The Necessity of a Greener Future
By David Holmes on October 29, 2009
According to the non-governmental organisation, Global Witness, renowned for uncovering the so-called ‘blood diamond’ trade in Africa, the world’s fascination with and reliance upon oil is set for disaster. After two years of investigation, Global Witness has released its ‘Heads in the Sands‘ report, detailing the coming struggles facing humanity in the context of oil supply and demand.
In particular, the report highlights the facts that global oil production had ceased to grow between 2005 and 2008, production has outstripped new oil discoveries since 1984 and the biggest year of new oil discoveries was back in 1965. Added to these unsavoury facts, Global Witness argues oil reserves such as those found in Canada’s tar sands simply will at best yield only enough oil to plug the gaps left by depleting resources worldwide.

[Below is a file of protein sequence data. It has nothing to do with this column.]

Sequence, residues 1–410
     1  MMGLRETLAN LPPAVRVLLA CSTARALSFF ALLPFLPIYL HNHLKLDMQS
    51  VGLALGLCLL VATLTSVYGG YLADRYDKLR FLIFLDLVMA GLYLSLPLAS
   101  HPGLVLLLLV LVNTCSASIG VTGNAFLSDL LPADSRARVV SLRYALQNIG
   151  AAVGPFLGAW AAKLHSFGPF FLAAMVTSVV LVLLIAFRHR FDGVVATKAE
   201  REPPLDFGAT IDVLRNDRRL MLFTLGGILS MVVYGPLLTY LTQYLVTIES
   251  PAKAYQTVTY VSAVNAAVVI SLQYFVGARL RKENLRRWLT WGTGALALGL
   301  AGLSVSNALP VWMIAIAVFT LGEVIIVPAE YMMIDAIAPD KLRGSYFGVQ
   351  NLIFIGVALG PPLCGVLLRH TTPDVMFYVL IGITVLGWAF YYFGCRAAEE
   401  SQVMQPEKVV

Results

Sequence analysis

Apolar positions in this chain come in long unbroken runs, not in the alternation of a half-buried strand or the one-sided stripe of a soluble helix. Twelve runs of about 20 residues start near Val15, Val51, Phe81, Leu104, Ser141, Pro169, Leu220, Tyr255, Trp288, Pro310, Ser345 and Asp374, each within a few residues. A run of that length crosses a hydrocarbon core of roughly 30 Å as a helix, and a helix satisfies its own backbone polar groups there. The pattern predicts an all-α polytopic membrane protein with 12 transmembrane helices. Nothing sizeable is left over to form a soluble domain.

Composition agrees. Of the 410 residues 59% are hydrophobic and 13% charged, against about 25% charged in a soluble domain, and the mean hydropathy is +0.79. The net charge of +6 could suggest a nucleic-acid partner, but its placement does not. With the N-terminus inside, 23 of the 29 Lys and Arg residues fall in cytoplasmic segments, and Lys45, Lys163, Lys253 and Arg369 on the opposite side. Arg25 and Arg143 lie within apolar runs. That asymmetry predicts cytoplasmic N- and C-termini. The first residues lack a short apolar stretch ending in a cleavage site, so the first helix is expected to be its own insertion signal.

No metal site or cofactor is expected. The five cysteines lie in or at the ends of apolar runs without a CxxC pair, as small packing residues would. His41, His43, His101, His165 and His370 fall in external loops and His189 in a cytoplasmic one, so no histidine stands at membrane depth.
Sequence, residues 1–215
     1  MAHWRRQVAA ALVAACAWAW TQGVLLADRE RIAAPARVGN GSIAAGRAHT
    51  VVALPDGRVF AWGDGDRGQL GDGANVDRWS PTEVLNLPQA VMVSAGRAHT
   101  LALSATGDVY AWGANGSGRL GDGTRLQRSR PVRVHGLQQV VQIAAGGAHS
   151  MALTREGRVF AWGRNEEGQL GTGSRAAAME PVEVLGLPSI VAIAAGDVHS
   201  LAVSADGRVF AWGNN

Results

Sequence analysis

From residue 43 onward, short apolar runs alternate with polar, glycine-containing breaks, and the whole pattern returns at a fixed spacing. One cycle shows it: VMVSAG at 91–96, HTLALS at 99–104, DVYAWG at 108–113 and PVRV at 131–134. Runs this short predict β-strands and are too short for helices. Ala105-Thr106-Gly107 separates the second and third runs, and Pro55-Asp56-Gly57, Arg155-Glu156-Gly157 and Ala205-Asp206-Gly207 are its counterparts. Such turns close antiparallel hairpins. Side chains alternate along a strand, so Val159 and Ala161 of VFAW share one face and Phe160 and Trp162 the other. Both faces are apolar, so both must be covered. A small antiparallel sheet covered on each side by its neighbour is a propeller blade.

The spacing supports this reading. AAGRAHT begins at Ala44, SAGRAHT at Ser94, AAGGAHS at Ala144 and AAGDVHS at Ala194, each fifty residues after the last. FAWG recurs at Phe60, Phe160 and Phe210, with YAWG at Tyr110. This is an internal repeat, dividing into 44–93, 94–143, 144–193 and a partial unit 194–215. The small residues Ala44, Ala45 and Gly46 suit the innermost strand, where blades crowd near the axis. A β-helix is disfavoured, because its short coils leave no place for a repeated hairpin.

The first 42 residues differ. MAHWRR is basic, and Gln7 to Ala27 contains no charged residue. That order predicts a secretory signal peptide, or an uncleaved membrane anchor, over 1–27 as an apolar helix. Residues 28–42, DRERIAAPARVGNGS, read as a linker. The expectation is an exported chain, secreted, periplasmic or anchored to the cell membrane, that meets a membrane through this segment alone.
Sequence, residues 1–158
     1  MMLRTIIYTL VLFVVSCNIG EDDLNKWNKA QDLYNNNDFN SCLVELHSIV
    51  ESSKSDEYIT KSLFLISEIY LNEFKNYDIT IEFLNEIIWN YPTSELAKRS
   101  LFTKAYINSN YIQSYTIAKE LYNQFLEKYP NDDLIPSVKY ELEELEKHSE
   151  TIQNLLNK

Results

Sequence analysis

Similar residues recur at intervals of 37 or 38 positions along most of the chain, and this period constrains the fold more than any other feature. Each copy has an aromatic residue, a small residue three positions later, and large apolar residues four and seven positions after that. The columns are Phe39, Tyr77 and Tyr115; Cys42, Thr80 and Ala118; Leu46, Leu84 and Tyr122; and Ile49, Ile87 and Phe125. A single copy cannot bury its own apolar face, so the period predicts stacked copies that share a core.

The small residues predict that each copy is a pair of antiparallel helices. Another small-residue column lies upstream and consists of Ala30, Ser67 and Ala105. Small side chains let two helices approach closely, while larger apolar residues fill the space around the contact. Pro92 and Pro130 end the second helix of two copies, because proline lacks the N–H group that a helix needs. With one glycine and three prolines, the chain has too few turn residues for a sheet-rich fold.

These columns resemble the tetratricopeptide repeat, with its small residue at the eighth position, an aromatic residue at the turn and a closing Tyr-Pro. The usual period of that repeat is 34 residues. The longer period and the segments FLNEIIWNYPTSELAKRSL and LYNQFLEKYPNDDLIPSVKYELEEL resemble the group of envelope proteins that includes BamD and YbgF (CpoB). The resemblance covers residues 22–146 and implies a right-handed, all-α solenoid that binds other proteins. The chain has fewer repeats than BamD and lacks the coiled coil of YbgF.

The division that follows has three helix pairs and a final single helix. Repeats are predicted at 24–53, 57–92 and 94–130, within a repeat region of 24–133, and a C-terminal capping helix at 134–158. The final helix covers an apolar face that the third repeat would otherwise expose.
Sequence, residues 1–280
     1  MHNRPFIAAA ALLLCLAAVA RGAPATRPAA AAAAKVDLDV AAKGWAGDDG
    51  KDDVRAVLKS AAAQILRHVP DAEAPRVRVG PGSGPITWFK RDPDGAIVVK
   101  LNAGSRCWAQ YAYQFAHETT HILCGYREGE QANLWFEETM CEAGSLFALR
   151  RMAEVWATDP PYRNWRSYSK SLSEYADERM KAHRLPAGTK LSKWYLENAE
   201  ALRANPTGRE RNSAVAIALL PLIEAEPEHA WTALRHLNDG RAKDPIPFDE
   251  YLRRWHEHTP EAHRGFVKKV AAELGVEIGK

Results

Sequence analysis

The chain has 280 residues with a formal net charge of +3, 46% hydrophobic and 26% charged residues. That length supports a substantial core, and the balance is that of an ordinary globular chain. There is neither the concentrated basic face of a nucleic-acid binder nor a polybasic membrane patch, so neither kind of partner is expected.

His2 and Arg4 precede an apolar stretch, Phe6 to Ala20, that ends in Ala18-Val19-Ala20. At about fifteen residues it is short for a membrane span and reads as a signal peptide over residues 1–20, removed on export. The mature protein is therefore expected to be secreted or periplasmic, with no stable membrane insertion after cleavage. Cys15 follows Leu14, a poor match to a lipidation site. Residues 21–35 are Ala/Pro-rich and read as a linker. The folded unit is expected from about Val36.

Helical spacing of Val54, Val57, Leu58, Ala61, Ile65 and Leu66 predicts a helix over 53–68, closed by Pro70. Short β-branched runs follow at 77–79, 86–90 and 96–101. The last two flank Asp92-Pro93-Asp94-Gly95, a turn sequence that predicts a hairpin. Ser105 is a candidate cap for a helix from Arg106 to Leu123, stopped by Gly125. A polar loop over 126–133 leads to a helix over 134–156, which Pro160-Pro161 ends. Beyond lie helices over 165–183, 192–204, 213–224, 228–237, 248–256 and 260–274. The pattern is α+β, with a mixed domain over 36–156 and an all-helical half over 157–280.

Of course, as oil production continues to grow, the depletion of existing resources can only escalate. Thus, according to the Heads in the Sands report, the global production of oil will sooner or later be notable for its declining output, declining new discoveries and increased demand. Unfortunately, these points lead to higher prices and, worse still, global oil shortages. Worryingly, conservative estimates produced by the International Energy Agency (IEA) suggest by 2015, there will be a gap between the supply and demand of oil of some 7 million barrels per day, which is approximately 8% of the anticipated global demand. In other words, the world is fast running out of oil.
Nevertheless, the major oil companies are continuing to spend vast sums on finding new sources of oil, which may never be found according to Global Witness. In a world that is already thought to be heading for climatic catastrophe due to the use of non-renewable forms of energy, it would seem, one way or another, oil will soon be relegated to history.